The S&P 500 Industrial Index, for example, rallied 6 percent between March 1, 1999, and March 1, 2000—a period when the S&P 500 gained 13 percent, fueled by upside in technology stocks. And the tech-heavy Nasdaq Composite Index fared even better, soaring 109 percent over this 12-month period.
Market leadership also narrowed considerably in the late 1990s. In October 1997, more than 600 equities traded on the New York Stock Exchange (NYSE) hit new 52-week highs.
Fast-forward to early 1998, when the S&P 500 rallied to new highs, climbing about 24 percent from its January 1998 low to its peak in April 1998. But less than 400 NYSE-listed stocks reached new 52-week highs during this rally.
By the first quarter of 2000, less than 150 NYSE-listed stocks rallied to new 52-week highs on any given trading session. Ironically, as the selloff in the Nasdaq Composite Index gathered steam, the number of NYSE-traded stocks hitting 52-week highs actually increased. Investors may recall that in the early 2000s, small- and mid-cap stocks and select sectors fared reasonably well. Tech stocks, on the other hand, got mauled.
The S&P 500’s 57.7 percent decline between late 2007 and early 2009 occurred during the worst bear market for US equities since the 1930s and coincided with the most severe recession since at least the early 1970s and, arguably, since the Great Depression.
A lengthy period when small-caps outperformed ended in April 2006, with the Russell 2000 Index lagging the S&P 500 through early 2008—an early indication that the bull market had started to flag.
The S&P 500 reached a record high in October 2007, exceeding its previous peak by 1.5 percent. However, the Russell 2000 Index failed to hit a new high that month—a divergence that also served as a precursor to the vicious 2007-09 bear market.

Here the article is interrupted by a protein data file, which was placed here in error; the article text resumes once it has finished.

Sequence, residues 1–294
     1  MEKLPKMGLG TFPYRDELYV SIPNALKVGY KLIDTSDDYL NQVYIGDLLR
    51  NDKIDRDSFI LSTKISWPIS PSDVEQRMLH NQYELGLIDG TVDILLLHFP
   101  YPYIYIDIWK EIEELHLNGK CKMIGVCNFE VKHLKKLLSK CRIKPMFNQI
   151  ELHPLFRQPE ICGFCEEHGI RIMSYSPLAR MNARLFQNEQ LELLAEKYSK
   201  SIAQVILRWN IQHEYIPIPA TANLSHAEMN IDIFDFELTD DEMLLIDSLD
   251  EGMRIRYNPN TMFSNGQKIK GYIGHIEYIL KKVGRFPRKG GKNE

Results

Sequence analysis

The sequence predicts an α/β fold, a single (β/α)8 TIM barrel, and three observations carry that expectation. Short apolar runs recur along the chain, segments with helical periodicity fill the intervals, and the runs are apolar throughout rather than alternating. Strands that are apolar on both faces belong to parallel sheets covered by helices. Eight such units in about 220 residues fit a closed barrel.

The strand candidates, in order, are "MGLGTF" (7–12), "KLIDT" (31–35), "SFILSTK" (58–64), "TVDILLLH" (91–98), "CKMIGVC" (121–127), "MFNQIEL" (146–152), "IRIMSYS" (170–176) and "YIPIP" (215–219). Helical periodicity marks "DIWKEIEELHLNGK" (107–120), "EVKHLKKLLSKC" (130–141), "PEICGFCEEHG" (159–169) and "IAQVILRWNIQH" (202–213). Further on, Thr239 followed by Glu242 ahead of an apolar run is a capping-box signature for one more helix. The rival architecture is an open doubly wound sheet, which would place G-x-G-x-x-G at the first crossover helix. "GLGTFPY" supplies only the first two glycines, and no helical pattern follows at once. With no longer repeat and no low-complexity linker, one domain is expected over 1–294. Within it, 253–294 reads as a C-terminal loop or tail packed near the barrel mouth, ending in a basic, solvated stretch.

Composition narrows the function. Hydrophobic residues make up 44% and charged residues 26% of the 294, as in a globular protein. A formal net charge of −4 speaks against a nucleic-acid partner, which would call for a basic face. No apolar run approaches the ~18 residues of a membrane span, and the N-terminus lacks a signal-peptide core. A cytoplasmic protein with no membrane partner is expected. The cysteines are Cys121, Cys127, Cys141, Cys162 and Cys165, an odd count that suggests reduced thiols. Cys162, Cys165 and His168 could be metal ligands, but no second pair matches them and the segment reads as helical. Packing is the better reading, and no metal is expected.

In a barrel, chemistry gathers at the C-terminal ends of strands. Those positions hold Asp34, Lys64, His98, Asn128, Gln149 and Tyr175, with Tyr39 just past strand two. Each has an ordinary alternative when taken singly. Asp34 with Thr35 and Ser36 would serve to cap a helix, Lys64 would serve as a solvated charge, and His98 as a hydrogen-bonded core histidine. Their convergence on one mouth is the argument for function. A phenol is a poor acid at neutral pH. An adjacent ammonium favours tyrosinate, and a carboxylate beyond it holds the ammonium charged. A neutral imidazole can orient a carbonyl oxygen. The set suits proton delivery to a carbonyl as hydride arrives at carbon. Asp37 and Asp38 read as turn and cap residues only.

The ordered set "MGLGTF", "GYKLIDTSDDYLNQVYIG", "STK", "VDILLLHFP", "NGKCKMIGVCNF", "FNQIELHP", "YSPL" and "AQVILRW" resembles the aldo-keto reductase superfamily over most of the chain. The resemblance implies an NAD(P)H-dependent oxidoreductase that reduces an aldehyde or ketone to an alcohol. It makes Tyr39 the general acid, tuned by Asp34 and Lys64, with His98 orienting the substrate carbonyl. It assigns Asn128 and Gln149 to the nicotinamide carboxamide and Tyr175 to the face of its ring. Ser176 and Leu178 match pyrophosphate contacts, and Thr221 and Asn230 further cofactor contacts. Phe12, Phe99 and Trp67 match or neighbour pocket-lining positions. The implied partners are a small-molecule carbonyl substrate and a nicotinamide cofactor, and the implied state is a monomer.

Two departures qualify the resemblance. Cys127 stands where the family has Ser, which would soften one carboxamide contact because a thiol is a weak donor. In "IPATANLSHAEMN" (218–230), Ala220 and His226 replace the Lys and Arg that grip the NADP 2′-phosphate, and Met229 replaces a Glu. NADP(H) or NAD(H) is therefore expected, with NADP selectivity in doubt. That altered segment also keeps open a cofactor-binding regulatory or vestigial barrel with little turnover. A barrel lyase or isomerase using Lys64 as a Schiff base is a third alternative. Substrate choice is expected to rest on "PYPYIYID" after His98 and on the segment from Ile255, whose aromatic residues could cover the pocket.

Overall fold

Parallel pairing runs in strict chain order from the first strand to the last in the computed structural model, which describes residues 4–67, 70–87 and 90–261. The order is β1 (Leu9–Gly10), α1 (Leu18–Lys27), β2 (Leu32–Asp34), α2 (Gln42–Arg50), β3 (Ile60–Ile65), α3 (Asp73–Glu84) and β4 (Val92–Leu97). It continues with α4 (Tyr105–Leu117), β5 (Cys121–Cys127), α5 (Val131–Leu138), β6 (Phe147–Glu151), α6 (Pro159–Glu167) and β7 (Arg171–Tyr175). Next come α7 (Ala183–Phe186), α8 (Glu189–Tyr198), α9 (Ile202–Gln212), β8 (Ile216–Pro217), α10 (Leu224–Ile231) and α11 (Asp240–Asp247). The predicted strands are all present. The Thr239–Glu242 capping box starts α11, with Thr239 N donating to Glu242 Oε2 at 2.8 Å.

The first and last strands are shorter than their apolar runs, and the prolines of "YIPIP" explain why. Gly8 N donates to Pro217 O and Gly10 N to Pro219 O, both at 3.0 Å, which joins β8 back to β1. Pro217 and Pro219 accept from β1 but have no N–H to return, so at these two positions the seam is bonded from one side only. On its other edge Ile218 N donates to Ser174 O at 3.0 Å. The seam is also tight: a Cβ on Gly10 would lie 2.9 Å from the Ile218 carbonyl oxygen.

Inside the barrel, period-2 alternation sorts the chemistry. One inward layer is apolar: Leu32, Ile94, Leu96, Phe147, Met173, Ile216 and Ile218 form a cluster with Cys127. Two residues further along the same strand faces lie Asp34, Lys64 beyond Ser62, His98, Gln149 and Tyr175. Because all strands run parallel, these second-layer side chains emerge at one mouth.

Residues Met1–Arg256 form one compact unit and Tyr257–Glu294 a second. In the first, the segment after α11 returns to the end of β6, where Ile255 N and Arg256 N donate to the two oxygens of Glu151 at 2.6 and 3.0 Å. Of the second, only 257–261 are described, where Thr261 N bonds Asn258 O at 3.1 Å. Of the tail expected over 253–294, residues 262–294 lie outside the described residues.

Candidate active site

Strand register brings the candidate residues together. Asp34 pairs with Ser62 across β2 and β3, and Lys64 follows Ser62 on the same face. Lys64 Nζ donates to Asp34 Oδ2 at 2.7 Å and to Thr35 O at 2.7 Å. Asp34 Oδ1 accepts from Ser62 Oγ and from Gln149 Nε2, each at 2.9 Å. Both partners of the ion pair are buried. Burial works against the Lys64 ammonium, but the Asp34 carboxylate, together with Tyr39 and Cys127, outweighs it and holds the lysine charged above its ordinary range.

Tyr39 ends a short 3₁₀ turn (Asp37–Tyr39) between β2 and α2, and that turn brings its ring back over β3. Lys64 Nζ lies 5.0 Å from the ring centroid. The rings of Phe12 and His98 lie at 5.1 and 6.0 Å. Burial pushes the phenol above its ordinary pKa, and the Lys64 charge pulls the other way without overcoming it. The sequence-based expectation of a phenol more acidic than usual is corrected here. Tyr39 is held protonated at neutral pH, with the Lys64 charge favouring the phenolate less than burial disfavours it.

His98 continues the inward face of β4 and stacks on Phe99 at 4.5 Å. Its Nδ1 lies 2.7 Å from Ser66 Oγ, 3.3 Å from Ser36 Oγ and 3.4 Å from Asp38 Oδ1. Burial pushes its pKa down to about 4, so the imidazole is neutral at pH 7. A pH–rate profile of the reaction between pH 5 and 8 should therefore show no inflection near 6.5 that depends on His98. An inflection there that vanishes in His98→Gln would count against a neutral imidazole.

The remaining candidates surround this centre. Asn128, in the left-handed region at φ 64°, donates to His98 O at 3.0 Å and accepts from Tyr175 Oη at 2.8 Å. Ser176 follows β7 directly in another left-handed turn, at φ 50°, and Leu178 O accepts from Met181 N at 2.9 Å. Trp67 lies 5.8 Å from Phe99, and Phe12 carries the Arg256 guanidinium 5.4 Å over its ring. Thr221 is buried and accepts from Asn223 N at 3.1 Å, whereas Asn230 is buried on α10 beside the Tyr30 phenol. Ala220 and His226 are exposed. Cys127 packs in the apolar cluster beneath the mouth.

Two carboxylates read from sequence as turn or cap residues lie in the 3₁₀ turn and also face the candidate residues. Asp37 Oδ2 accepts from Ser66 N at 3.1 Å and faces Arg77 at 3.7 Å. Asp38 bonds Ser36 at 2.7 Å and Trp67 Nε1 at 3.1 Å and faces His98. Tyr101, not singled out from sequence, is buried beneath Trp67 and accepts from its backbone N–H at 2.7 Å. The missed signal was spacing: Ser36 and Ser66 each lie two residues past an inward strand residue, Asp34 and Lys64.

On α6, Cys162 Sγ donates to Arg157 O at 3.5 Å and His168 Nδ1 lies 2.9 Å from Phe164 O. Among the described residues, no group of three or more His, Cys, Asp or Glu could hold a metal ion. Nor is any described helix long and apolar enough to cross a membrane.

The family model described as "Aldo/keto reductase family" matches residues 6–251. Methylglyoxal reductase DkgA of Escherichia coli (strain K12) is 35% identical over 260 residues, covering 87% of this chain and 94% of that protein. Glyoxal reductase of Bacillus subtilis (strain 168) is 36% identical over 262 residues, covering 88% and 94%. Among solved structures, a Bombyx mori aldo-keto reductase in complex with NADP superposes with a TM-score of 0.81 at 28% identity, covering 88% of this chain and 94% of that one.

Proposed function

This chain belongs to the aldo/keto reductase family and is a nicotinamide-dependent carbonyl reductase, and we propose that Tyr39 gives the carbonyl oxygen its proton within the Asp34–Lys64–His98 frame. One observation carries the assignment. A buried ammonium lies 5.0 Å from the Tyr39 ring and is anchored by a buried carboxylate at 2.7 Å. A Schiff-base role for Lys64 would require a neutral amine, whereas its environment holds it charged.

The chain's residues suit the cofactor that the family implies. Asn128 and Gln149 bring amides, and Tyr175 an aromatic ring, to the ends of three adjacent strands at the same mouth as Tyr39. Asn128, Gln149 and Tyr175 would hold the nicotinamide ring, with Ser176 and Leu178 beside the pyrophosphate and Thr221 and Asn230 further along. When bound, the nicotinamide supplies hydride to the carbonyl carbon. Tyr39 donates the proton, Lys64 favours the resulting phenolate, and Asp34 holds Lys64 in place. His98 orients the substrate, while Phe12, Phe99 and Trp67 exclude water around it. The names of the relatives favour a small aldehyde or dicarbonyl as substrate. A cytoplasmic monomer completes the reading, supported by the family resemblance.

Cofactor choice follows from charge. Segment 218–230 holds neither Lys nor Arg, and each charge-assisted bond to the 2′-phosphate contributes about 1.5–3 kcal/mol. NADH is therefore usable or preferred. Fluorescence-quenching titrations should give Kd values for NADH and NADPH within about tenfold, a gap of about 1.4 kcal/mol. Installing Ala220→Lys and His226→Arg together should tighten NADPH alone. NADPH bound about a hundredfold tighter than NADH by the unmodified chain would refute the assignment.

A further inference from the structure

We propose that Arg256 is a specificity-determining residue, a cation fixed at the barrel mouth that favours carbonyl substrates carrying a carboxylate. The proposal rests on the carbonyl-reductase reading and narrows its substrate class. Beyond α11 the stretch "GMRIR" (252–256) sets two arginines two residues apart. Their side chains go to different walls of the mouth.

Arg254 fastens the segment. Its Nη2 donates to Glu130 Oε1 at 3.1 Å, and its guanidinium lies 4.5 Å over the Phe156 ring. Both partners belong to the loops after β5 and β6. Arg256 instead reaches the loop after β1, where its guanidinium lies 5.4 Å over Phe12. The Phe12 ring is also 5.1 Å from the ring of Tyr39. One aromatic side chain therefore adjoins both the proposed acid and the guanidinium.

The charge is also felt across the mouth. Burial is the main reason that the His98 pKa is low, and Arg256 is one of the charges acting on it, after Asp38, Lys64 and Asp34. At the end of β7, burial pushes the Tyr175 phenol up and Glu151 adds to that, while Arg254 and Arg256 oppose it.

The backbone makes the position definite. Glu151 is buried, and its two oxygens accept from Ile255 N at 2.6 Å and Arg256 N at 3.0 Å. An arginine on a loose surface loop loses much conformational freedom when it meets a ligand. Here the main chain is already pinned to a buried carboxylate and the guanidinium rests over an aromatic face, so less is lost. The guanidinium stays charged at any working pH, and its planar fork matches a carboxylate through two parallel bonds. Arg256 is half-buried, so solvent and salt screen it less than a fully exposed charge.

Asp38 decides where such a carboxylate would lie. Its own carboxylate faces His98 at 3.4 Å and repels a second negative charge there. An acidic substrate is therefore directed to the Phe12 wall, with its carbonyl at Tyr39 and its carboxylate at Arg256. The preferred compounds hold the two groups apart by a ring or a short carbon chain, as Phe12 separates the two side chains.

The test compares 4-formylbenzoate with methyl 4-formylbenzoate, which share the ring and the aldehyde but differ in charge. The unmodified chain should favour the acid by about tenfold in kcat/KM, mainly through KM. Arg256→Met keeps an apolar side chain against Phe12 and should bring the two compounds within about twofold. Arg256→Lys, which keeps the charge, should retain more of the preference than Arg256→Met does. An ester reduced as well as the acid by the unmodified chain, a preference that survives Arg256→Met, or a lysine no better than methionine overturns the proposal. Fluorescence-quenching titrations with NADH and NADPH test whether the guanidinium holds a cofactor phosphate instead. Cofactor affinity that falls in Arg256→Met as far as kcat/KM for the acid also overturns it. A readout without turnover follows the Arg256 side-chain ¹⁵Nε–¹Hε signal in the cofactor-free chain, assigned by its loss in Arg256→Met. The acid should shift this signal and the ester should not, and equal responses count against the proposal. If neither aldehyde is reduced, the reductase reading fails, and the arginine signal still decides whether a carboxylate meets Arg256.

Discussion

Over the past 18 months, the Russell 2000 Index has lagged the S&P 500, gaining 7.6 percent compared with the latter’s 16.7 percent return. The S&P 500 also hit an all-time high of 2,134.72 on May 20, 2015, while the small-cap benchmark managed to achieve a new record at the end of June.
Other indicators of market leadership suggest that bear market could be emerging from hibernation in early 2016.
In May and June 2015, no more than 171 NYSE-listed stocks logged new 52-week highs on any given trading day—down from more than 300 in the second half of 2014. This key divergence has preceded all the major market tops highlighted in this article.
Our near-term market outlook calls for the S&P 500 to rally over the next one to three months, retesting its May 2015 top or ascending to a new peak that’s incrementally higher. We also expect the Russell 2000 Index’s next rally to fall short of its late June peak and for the number of stocks participating in this upside to narrow considerably.
The last-gasp rally of this aging bull market will set the stage for a correction of at least 20 percent in the first half of 2016. This outlook is based primarily on technical indicators.
In coming weeks, we’ll examine the latest readings from some of our favorite indicators as we take the US economy’s temperature. We don’t foresee an impending recession at this juncture, though some cracks have started to emerge.
If the US avoids a recession, the looming bear market should be relatively short-lived and lack the bite of some of its predecessors. We’ll continue to monitor the economic situation to determine whether investors need to prepare for a more severe decline.